Multi-agency exercise tests emergency response

  • Published
  • By Master Sgt. Jennifer Shirar
  • 173rd Fighter Wing
KINGSLEY FIELD, Ore.-- One of our many responsibilities as Airmen is to train for the "what-if." We spend hours prepping and planning for any number of disasters or incidents that could possibly take place on our base. June 1, members of the 173rd Fighter Wing practiced one of those "what-ifs" in a Major Accident Response Exercise.

Members of the Exercise Evaluation Team in partnership with local law enforcement, the airport, Klamath County Emergency Management, and Klamath County Fire District #1 set up a mock scenario for the 173rd FW to respond to that took approximately six-months to plan.

"We were excited to have many different agencies participate including our community partners, the Red Cross, and the 304th Rescue Squadron" said Capt. Nikki Jackson, EET acting chief.

The premise was an aircraft crash during a large SENTRY EAGLE style open house with multiple civilian casualties. Volunteers from the local community came out to assist with the exercise and play the role of the wounded. They were painted with moulage to replicate mock injuries adding to the realism of the event.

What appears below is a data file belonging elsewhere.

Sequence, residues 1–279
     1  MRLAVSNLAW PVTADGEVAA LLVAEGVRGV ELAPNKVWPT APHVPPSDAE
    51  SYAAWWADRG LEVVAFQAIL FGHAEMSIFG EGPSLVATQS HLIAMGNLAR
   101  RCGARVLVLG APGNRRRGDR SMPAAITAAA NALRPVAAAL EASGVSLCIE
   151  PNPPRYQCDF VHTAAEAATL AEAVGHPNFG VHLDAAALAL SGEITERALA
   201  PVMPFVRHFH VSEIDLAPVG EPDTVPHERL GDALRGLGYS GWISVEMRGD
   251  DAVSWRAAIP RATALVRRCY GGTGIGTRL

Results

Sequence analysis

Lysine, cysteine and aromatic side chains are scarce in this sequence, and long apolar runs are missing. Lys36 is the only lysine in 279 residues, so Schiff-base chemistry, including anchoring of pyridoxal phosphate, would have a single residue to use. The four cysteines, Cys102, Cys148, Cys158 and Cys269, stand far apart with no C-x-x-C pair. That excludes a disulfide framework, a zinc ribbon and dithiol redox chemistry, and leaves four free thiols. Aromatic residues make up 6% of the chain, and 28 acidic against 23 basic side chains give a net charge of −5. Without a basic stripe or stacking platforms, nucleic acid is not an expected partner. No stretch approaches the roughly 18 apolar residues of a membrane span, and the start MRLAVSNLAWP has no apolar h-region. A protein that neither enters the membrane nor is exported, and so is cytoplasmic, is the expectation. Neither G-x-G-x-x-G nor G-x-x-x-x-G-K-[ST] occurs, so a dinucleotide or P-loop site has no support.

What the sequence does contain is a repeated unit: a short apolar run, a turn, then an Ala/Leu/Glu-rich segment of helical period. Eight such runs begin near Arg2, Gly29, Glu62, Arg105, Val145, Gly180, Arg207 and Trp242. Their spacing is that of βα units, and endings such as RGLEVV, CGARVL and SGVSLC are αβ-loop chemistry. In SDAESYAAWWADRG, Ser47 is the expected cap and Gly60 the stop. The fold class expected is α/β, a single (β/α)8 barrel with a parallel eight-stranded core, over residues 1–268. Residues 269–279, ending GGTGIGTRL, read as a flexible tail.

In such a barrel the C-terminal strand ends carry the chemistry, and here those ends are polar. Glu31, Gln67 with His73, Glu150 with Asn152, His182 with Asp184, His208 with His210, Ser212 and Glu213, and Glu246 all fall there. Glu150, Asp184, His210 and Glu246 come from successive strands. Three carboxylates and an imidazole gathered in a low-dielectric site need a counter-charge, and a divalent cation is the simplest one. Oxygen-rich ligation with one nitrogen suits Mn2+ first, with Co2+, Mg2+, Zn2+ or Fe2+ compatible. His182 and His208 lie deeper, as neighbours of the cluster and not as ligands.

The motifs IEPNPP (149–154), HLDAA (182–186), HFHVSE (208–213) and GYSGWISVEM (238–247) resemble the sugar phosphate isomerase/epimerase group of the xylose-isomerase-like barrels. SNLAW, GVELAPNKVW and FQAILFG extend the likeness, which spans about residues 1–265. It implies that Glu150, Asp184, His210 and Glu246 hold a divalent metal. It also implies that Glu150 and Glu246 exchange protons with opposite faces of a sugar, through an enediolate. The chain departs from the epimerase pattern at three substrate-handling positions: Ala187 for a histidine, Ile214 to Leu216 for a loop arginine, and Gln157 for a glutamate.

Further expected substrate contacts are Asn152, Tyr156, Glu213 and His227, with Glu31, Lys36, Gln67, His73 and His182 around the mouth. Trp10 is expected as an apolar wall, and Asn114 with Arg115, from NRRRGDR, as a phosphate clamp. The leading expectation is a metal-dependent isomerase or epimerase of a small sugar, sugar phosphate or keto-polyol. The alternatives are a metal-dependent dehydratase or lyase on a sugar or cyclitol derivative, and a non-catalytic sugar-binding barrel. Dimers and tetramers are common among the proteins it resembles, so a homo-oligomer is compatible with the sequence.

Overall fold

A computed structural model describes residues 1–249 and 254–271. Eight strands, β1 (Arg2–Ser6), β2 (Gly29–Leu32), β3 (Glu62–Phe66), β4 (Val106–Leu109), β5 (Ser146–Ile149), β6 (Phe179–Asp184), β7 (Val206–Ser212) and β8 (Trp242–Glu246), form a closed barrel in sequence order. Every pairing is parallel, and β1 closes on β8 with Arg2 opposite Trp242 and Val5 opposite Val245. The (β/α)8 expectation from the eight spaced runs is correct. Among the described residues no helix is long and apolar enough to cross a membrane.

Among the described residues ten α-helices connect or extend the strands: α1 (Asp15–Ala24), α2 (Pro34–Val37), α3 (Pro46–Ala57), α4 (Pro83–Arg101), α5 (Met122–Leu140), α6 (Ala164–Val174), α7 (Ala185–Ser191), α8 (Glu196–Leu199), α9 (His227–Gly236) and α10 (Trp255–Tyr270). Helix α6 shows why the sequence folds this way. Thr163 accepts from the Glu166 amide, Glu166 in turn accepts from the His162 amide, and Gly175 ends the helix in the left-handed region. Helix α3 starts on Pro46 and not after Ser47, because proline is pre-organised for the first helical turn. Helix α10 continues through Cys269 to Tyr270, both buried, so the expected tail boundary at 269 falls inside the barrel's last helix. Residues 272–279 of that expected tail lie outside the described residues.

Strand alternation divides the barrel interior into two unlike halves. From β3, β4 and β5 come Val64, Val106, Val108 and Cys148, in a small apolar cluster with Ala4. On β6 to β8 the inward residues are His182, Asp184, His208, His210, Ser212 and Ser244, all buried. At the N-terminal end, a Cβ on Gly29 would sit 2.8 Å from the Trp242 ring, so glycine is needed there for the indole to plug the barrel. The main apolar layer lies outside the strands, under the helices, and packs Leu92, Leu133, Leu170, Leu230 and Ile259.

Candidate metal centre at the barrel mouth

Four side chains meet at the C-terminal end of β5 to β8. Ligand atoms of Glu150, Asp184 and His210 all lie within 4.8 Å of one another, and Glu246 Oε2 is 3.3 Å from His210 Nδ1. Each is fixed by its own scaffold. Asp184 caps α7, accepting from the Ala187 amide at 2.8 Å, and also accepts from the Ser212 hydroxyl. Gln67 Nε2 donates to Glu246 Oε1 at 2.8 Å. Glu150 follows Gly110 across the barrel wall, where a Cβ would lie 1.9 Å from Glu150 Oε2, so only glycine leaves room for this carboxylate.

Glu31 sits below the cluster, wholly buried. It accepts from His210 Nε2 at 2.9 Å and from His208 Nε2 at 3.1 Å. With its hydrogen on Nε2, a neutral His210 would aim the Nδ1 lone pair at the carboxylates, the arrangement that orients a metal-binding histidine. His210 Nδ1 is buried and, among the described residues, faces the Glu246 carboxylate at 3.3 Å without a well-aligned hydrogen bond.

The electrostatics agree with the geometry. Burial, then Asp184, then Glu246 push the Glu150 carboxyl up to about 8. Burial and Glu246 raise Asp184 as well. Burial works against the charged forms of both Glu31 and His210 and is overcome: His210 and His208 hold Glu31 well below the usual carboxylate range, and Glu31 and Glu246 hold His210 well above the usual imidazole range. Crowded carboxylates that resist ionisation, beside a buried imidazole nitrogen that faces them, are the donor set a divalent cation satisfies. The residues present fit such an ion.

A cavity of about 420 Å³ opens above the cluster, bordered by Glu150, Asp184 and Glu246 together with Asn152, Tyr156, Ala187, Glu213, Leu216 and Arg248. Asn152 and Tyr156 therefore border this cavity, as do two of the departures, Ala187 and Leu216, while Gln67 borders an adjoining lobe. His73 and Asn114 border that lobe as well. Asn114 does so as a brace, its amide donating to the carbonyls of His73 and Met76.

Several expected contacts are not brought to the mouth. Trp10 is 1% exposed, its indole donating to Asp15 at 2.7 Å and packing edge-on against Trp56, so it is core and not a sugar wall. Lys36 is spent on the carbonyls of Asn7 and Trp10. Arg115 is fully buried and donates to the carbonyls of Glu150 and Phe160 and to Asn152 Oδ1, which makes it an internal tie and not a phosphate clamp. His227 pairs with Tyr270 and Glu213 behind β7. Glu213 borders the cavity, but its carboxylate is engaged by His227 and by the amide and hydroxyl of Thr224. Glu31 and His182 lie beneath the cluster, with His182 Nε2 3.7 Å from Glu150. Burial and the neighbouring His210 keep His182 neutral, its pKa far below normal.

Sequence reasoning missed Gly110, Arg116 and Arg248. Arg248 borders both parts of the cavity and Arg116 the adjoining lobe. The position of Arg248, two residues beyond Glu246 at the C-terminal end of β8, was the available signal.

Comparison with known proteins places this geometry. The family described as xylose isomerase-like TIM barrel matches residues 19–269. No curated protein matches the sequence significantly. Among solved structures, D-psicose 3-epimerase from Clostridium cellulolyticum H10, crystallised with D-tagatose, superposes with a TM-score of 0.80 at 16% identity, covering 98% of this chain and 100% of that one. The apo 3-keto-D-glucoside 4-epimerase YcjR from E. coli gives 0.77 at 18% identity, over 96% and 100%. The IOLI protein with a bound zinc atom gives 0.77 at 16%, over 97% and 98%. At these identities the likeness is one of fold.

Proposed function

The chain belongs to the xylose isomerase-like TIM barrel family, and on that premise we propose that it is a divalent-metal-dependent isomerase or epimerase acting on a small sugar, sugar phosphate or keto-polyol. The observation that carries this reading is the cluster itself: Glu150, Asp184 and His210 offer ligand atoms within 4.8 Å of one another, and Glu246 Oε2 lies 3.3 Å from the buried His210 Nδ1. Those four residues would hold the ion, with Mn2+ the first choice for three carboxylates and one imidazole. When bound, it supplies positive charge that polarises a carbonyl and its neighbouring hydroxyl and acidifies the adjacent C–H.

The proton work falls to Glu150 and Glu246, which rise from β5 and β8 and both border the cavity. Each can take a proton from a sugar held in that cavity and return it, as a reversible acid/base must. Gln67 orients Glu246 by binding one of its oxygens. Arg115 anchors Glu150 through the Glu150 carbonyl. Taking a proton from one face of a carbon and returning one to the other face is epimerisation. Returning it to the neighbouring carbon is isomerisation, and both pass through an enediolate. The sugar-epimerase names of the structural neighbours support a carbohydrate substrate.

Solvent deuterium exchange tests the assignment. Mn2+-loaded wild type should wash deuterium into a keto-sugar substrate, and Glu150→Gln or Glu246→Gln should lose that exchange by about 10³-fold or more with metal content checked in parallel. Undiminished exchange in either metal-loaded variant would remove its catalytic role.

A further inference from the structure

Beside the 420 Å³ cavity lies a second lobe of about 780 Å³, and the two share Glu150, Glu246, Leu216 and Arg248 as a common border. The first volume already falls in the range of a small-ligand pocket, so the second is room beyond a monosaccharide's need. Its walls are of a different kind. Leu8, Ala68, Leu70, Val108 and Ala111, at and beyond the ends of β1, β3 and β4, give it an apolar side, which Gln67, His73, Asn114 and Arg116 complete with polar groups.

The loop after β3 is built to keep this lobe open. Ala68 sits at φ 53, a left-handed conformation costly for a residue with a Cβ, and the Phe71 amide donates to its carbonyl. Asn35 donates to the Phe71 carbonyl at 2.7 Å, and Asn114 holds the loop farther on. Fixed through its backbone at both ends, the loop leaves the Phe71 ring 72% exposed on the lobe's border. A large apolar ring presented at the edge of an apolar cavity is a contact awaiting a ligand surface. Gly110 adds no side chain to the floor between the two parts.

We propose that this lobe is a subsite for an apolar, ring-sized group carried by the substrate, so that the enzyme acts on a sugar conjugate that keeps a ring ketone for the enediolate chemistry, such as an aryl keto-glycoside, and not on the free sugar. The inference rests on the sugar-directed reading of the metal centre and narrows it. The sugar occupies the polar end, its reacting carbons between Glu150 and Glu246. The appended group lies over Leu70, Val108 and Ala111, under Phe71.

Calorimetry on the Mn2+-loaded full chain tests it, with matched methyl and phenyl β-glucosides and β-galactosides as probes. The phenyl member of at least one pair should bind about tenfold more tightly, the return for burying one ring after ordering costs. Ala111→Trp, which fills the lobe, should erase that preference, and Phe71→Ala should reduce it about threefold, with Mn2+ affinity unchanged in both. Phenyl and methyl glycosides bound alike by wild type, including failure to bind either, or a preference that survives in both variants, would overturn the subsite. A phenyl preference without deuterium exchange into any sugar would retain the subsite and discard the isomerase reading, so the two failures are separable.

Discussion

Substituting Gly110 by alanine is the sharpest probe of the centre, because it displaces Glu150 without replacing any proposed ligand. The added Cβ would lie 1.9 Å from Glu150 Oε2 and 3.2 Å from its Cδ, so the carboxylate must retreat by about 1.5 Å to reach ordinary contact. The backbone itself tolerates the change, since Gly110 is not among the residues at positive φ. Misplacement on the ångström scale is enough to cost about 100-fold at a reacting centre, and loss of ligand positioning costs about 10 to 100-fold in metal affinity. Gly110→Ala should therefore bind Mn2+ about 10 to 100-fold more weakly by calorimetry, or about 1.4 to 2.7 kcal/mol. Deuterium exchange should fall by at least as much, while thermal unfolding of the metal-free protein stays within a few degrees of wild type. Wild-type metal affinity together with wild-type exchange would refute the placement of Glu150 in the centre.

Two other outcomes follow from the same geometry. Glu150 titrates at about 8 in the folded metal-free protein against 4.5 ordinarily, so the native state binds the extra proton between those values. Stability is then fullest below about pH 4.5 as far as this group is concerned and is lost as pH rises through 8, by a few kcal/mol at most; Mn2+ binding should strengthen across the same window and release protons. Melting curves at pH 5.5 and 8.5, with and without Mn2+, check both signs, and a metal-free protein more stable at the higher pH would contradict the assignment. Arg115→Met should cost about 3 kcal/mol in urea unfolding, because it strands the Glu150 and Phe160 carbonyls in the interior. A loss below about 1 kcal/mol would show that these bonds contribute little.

Activity was a buzz across the base as the 173rd responded to the wounded and secured the scene. Unit Control Centers were stood up and accountability for all personnel was taken as both the Crisis Action Team and the Emergency Operations Center members quickly assessed the situation and responded accordingly.

Multiple side scenarios were set-up, designed to assess all areas of the Wing. Interagency cooperation and communication was tested as members of the Wing worked with local law enforcement and the Oregon Disaster Medical Team. Security Forces and Public Affairs were forced to examine how they would deal with medi a on base during an event such as this.

"These exercises allow us to fine tune our response and recovery abilities, ensuring that when an actual event occurs we are able to perform our duties at very high level." said Senior Master Sgt. Kennth Aubut, EOC Manager.

Every player involved in the exercise was given a chance to answer that "what-if" and in turn, evaluate how they would respond to a real-life event.

"While it is the job of the EET to grade and score the unit on their response the true measure of success is in the lessons learned by each individual and shop," said Jackson.